( '"', '"' ),
            ( '(', ')' ),
            ( '{', '}' ),
            ( '[', ']' ),
            ( '"', '"' ),
            ( "'", "'" ),
            ( '`', '`' ),
        );
    }
    

And the new adjusted preferences with soft tabs explicitly disabled:

{
        shellVariables = (
            {
                name = 'TM_SOFT_TABS';
                value = 'no';
            },
        );
        smartTypingPairs = (
            ( '"', '"' ),
            ( '(', ')' ),
            ( '{', '}' ),
            ( '[', ']' ),
            ( '"', '"' ),
            ( "'", "'" ),
            ( '`', '`' ),
        );
    }
    
DevNation, Falls Church

I'm speaking at DevNation on Saturday, August 28th! It's a really great line-up for a super low price so come join us if you get the chance.

Here are all the pertinent links and downloads from my presentation:

Commafy - Pretty Numbers for Python

I've been spending more and more time in Python and Django lately working on side project lostaga.in and Viget Ms. Pac-Man.  Here's a quick method I put together for formatting numbers with commas:

def commafy(d):
      s = '%0.2f' % d
      a,b = s.split('.')
      l = []
      while len(a) > 3:
          l.insert(0,a[-3:])
          a = a[0:-3]
      if a:
          l.insert(0,a)
      return ','.join(l)
    
jQuery 101 - The Slice Method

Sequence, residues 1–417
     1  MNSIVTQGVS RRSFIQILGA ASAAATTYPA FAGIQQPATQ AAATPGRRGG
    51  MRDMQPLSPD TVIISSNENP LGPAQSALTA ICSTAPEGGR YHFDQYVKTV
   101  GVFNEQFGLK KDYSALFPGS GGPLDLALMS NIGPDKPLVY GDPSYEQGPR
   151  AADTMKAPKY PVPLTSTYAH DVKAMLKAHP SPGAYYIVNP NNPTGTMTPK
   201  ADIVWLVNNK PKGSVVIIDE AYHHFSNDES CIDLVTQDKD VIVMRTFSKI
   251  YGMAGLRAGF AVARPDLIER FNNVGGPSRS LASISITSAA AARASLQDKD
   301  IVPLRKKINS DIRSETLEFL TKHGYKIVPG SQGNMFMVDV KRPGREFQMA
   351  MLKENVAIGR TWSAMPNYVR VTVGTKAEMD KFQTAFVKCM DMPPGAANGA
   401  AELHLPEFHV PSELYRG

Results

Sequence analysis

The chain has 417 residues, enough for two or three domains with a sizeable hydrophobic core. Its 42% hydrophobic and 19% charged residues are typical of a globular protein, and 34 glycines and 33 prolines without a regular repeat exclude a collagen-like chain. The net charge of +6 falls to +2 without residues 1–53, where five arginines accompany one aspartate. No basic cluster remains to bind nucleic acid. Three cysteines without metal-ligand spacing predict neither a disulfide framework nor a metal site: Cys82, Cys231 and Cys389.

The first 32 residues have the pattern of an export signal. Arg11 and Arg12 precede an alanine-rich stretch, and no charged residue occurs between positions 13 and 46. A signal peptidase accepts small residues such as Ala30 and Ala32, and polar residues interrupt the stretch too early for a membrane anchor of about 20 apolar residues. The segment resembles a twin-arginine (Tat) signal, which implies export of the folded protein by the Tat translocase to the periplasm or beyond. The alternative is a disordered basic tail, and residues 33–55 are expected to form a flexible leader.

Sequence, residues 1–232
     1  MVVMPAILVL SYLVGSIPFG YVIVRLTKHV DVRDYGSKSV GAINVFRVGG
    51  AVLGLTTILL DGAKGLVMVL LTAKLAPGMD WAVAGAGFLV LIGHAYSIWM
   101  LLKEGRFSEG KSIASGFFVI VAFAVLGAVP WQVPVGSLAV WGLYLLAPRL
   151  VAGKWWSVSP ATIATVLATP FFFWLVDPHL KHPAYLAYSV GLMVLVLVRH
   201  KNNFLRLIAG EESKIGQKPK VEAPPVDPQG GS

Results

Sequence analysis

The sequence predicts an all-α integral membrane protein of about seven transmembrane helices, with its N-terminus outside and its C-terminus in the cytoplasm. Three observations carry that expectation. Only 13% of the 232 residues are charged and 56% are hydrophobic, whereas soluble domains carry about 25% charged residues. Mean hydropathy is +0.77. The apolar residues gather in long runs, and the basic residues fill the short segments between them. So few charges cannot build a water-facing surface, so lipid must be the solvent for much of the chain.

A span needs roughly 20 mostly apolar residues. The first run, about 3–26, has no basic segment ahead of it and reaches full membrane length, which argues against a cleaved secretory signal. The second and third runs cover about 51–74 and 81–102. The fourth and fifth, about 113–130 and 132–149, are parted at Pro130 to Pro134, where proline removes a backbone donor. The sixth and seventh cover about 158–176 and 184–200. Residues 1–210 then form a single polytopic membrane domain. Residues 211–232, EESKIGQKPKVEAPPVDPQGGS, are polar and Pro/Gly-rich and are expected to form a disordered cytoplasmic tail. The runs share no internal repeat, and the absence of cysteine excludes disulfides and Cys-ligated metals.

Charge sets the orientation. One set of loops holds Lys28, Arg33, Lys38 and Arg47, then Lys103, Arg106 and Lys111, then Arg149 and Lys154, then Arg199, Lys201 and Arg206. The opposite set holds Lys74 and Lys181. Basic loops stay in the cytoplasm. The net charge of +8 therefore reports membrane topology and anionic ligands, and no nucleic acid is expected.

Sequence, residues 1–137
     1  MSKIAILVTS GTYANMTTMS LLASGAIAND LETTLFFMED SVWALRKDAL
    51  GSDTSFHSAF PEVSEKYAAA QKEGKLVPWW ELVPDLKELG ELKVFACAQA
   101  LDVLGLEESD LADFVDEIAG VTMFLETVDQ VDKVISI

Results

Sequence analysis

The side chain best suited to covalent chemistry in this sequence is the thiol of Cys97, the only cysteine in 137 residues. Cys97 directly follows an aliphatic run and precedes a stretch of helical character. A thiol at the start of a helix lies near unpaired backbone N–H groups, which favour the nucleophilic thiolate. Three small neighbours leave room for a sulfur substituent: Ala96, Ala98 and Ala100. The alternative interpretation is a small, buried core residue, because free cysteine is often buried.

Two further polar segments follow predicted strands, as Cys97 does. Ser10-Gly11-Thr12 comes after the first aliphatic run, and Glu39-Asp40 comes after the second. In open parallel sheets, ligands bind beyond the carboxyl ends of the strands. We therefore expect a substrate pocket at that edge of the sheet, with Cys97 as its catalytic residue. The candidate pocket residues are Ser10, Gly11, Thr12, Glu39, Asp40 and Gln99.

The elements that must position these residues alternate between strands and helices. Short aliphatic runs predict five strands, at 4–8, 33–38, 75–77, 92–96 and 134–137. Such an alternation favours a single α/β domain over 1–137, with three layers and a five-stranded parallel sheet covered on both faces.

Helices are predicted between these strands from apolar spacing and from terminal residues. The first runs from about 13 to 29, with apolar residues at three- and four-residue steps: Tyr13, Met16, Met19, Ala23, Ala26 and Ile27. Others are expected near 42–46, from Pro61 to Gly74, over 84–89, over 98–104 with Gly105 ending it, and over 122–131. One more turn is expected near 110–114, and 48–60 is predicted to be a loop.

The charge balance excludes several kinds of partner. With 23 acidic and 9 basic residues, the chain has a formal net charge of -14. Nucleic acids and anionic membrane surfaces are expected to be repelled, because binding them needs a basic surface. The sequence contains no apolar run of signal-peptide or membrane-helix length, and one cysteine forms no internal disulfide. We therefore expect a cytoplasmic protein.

Continuing the 101 series, this we're time hopping over to javascript and a look into part of my favorite library jQuery. More specifically slice(). In a nutshell, we can use slice to manipulate a set of match objects grabbed out of the DOM by the jQuery core method.

If you're familiar at all with the basic JavaScript slice() method it's application here is nearly identical. Slice() takes two arguments: a start value and an option end value. Just like in slicing in an array, performing a slice() on a jQuery set returns the elements starting at the start position and ending just before the end position. If no end is given (remember, that one's optional), the returned set starts at 'start' and ends at the end of set.

Now, that might not sound quite so straight forward but let's step back and remember one fundamental aspect of jQuery: a jQuery set is really just an array and the array is ordered in the same order each element is found in the DOM. Take this list for instance:

<ul class="colors">
        <li>Red</li>
        <li>Orange</li>
        <li>Yellow</li>
        <li>Green</li>
        <li>Blue</li>
        <li>Indigo</li>
        <li>Violet</li>
    </ul>
    

We can create a set of those list items using:

$('ul.colors');
    

Now, that by itself doesn't do anything at all, but we can visualize the set as an array with "Red" at position zero, "Orange" at position one, "Yellow" at position two and so on. This makes figuring out slice a piece of cake. Let's see how it might work in practice:

$('ul.colors').slice(2,4).hide();
    

Will hide "Yellow" and "Green" (We start at position 2 and end just before position 4).

Another fun trick is using a negative number for the start position. When a negative number is passed in the slice starts from the end of the array instead of the beginning. This would mean that

$('ul.colors').slice(-3).hide();

will hide "Blue", "Indigo" and "Violet". Now obviously these examples aren't exactly real world practice but they help illustrate the point. Good places to use this is in dealing with paging for circular carousels (a discussion for another day), in page pagination (hiding everything but the first three paragraphs of a post with a "read more" link) and more.

There is even another nice pro-tips about jQuery's slice: it's non-destructive on existing variables: